Chapter LXXX: Life a Gamble


By Aleister Crowley

Chapter LXXX: Life a Gamble

Cara Soror,

Do what thou wilt shall be the whole of the Law.

In one or two—no, I think more like three or four—letters of yours to hand in the last couple of months, you have put forward various excuses for slackness, the necessities of your economic situation. You say you must have “regular work,” and a “steady income” and all that sort of thing.  My innocent child, that species of Magick is quite simple.  Take the horns of a hare . . .  That's enough for the present: I'll tell you what to do with them when you've got them.

In Macbeth we read—

Is mortals' chiefest enemy.”

but this is another kind of security; it is the Hubris which “tempts Providence,” the insolence of thinking that nothing can go wrong.

Anyhow, there's no such thing as safety.  Life is a gamble.  From the moment of incarnation a million accidents are possible.  Miscarriage, still-birth, abortion; throughout life, until your heart beats for the last time, “you never can tell” – — — — and then you start all over again with your next incarnation!

(I wish I had a copy of a short story of mine called “Every Precaution.” The gallant young Uplift Expert, the one hundred per cent red-blooded, clean-living, heir of the Eternities, takes his young fiancée and female counterpart to the “Old Absinthe House” in New Orleans to show her the terrible results of Wrong-Doing.  They are going to avoid all that; their child is going to be the Quintessence of Americanism.

They marry and take a cottage by Lake Pasquaney.  Presently, he being (so she said) away on a business trip, the tradesmen complained that she seemed to need very little pabulum.  Somehow, people got suspicious, and sure enough, when they broke in, they found that she had pickled him!  This story is founded on fact; damn it, why did the MS have to get lost?)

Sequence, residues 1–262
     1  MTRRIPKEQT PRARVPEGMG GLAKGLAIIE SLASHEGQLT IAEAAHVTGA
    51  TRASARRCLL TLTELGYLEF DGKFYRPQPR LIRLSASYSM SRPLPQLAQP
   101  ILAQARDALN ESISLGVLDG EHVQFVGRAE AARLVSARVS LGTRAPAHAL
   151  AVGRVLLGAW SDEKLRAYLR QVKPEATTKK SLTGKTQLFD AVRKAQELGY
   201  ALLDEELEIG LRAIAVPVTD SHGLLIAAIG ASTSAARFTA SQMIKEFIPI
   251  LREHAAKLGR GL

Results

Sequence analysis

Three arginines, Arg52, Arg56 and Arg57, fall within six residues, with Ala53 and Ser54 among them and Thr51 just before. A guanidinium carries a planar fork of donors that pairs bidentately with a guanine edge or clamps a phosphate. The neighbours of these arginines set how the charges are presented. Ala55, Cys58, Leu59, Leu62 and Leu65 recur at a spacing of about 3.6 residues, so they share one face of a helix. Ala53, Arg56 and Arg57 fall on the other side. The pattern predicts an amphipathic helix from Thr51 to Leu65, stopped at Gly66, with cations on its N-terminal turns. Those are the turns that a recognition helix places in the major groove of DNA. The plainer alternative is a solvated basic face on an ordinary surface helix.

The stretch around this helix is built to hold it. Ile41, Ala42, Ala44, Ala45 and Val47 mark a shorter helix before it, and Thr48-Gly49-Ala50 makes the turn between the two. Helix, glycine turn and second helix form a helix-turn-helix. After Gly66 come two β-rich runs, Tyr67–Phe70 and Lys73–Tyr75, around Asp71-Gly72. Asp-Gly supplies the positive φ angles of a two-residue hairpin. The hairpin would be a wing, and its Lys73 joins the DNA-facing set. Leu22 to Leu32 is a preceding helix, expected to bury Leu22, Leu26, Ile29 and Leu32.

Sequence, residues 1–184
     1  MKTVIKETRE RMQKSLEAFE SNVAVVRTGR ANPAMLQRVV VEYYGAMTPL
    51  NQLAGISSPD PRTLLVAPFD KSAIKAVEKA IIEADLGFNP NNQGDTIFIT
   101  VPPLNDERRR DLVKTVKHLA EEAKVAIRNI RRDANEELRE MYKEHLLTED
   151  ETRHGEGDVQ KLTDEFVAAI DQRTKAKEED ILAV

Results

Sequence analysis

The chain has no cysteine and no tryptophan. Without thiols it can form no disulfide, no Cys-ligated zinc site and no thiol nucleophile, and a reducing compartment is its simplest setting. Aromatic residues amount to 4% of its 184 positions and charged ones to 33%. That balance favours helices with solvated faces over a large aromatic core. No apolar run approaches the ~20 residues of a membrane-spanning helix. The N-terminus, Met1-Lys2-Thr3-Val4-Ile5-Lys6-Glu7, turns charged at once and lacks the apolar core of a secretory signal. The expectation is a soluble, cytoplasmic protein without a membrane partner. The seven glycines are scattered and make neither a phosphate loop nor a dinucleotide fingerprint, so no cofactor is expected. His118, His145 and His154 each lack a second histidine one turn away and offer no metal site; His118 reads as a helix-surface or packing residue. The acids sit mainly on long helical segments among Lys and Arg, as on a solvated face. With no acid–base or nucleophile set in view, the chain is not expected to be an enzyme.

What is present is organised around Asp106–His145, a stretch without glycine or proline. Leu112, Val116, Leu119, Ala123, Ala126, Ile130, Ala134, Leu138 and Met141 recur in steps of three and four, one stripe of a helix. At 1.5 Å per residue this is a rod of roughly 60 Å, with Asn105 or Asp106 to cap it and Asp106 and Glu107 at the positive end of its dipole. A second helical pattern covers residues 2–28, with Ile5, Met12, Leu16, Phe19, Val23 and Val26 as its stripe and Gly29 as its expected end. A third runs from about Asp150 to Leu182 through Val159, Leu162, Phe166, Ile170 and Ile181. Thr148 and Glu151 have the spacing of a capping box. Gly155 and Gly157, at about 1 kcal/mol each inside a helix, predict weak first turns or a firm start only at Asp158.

Even suicide is not a “dead bird.”  I knew a creature once—careless observers often mistook him of a man—who tried three times, pistol, rope and poison.  Something always went wrong.  (Like the Babbacombe murderer, who went to the scaffold three times, and lived to a green old age!)  Finally he did poison himself, by accident, when he had no intention whatever of doing anything of the sort.

Where's the Book of Lies?  Ah, here we are.  “It is Pure Chance that rules the Universe; therefore, and only therefore, life is good.”1)

Then, is it mere fatuity and folly to make plans?  Was not the IXth Atu, the Hermit, also at one time called “Prudence?”2)  Of course.  Abstract philosophy rarely coincides with common-sense.  We should plan as carefully as we can; but we should always allow a margin for every conceivable accident.

Nor should we trust to luck, like England, when she goes to war.  Bret Harte has an admirable story “The Outcasts of Poker Flat  in which the “bad man,” the crooked gambler, gives his life for the safety of the rest of his party, and winds up all with the remark: “Life isn't in having the luck of the cards, but in playing a poor hand well.”

Yes, I daresay, all very fine; but what you wanted to know was about the propriety of taking risks in Magick.